Google may soon shame manufacturers by publishing Android update speeds
The most persistent issue with the Android ecosystem has been the speed at which manufacturers push out OS updates. Google has tried a number of passive-aggressive tactics to make manufacturers speed things up. Google had manufacturers agree to update handsets within 18 months of hardware release (but had no punishment for failure.) Google also had manufacturers agree to release hardware with the newest version of Android available (but has no punishment for that either.)
The last move was to add a line to the About menu in the System settings to show what was the latest security patch installed on a device. But, a new report says Google might have another passive-aggressive move in its arsenal: public shaming. Bloomberg says that Google has been tracking how long manufacturers have taken to release Android updates (which itself is not surprising at all), but the interesting part is that Google might have put together a list that ranks manufacturers based on how up-to-date devices are with OS versions and security patches. Google has even allegedly been having conversations about whether or not to make that list public.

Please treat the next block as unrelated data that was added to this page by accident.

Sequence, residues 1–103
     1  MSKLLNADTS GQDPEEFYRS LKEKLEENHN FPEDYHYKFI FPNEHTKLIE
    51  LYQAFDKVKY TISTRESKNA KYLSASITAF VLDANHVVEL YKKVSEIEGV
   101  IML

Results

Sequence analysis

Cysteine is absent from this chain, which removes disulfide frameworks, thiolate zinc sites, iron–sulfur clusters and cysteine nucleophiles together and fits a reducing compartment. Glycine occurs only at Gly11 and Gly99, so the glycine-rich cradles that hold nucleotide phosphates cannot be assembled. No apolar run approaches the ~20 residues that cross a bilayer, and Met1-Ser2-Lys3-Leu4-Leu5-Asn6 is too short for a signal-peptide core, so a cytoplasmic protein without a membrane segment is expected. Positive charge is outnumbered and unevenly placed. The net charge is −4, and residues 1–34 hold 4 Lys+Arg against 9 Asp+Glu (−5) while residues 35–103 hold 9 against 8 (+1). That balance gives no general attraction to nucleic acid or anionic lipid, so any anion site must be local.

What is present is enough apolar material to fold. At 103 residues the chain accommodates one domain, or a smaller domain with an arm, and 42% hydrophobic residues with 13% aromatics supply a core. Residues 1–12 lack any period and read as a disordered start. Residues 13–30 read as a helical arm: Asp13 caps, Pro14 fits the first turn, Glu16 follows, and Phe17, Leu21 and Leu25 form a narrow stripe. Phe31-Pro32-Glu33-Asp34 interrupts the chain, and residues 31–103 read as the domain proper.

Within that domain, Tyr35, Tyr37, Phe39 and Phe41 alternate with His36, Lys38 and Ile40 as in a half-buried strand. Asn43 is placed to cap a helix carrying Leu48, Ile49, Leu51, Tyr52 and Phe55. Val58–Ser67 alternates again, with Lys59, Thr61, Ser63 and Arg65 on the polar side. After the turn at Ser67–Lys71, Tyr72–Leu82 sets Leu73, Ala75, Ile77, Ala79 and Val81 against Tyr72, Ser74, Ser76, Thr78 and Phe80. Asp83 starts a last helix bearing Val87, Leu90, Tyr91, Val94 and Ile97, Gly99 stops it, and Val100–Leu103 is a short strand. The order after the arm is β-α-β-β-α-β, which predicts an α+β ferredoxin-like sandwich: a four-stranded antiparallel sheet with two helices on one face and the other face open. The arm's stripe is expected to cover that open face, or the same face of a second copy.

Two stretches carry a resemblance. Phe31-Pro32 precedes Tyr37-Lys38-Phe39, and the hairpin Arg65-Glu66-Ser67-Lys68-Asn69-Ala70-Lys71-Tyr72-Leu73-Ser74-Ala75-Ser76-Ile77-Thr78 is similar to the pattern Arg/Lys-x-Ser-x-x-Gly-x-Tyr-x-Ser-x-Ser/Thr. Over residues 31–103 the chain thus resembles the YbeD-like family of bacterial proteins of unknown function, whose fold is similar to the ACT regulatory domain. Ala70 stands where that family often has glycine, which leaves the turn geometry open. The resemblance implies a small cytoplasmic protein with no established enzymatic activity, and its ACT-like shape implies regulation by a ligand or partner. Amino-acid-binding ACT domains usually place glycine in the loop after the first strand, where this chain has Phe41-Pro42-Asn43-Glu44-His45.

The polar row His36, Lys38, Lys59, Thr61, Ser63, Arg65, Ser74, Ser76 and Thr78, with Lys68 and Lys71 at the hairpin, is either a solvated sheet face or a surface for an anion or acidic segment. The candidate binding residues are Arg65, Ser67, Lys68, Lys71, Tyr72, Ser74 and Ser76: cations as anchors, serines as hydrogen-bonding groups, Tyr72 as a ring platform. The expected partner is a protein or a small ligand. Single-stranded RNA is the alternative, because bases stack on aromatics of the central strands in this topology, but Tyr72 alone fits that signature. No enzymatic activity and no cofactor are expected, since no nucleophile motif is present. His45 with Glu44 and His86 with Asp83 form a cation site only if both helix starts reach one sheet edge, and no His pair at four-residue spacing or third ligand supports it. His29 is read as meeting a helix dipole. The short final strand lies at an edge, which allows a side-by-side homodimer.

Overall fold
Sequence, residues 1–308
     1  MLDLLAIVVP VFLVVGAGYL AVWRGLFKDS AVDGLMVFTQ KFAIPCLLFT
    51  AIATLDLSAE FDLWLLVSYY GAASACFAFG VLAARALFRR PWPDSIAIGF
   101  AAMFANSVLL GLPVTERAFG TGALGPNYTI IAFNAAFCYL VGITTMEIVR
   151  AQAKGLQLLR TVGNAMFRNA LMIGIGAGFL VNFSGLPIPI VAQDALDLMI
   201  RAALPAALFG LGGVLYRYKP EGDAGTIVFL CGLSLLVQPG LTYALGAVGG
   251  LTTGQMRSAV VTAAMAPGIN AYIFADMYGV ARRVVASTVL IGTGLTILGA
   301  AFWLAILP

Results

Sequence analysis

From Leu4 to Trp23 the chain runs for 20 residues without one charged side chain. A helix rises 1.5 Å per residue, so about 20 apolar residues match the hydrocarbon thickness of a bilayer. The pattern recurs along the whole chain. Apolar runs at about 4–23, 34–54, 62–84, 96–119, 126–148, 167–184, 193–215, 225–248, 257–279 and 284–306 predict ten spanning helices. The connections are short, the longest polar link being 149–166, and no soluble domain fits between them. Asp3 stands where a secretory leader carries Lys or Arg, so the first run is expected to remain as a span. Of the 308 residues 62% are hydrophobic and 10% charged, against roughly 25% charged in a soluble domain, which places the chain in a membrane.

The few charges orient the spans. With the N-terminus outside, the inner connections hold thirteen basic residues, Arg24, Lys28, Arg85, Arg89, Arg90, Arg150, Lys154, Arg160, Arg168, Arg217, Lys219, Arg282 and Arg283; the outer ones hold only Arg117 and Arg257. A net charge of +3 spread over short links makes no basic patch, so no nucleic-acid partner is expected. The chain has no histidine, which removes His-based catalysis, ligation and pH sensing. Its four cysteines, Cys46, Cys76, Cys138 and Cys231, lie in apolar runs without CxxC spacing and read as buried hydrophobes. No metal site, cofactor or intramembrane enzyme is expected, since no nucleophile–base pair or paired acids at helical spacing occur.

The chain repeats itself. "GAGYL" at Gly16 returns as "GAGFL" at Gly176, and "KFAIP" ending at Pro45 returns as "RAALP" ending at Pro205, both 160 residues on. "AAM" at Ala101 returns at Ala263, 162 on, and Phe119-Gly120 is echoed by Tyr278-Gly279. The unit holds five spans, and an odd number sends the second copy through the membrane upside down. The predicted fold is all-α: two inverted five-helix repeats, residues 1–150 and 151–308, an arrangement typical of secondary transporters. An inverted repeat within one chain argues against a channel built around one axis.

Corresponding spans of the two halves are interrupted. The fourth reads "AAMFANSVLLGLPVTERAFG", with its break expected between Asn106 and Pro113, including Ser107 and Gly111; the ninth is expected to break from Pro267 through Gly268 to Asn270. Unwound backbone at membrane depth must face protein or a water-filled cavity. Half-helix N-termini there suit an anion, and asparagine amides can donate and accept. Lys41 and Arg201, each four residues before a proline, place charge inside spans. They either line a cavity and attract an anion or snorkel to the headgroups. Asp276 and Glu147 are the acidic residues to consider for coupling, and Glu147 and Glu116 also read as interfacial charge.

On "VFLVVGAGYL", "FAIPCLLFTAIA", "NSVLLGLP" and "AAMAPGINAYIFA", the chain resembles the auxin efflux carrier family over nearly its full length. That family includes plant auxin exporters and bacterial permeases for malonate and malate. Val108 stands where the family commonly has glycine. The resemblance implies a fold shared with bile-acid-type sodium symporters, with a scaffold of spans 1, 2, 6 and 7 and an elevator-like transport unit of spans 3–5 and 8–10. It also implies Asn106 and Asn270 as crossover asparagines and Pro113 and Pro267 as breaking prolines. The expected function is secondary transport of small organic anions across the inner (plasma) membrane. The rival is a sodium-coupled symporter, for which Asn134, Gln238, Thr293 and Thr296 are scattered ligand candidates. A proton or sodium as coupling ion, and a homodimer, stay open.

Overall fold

Doing so would make sense from a number of perspectives. Not only would it fall in line with Google's tendency towards being transparent with data, but it would highlight manufacturers who need to work harder on getting out updates. However, its unclear if such a list would make a meaningful difference in getting those manufacturers to change.
The problem is that the only people who would pay attention to the data on such a list are sites like ours and readers like ours, who already know all of these issues anyway. The general public might not care much, and that's the audience that would need to complain more in order to make a change.